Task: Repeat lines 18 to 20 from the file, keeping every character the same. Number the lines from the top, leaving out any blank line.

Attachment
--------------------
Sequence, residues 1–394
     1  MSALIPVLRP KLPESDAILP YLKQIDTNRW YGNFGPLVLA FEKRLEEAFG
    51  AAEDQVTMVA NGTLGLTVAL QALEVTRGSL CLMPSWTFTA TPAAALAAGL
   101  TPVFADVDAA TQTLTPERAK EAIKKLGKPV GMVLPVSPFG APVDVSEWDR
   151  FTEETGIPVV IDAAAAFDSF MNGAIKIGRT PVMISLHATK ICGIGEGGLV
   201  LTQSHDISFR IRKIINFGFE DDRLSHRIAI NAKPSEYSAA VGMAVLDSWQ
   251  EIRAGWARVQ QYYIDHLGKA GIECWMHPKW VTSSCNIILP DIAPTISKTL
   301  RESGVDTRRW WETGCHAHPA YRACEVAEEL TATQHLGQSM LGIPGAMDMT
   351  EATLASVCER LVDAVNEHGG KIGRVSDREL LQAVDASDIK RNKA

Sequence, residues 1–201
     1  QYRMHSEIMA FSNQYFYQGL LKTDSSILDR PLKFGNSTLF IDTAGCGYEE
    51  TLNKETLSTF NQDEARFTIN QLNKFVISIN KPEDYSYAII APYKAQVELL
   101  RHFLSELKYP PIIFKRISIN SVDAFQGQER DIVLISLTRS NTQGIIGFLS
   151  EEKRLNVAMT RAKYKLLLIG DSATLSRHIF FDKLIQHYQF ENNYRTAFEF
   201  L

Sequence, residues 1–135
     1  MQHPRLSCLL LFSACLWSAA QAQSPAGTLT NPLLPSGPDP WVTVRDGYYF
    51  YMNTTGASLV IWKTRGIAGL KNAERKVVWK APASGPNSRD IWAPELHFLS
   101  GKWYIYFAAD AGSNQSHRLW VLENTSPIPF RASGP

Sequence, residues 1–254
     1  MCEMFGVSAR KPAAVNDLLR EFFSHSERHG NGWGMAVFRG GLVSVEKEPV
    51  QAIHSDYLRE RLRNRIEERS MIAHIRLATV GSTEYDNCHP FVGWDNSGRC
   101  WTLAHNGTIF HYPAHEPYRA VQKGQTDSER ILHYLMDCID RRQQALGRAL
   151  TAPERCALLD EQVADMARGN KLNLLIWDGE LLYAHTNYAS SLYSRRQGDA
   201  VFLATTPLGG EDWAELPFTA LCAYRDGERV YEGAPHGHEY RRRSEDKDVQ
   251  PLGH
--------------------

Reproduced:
    51  YMNTTGASLV IWKTRGIAGL KNAERKVVWK APASGPNSRD IWAPELHFLS
   101  GKWYIYFAAD AGSNQSHRLW VLENTSPIPF RASGP

Sequence, residues 1–254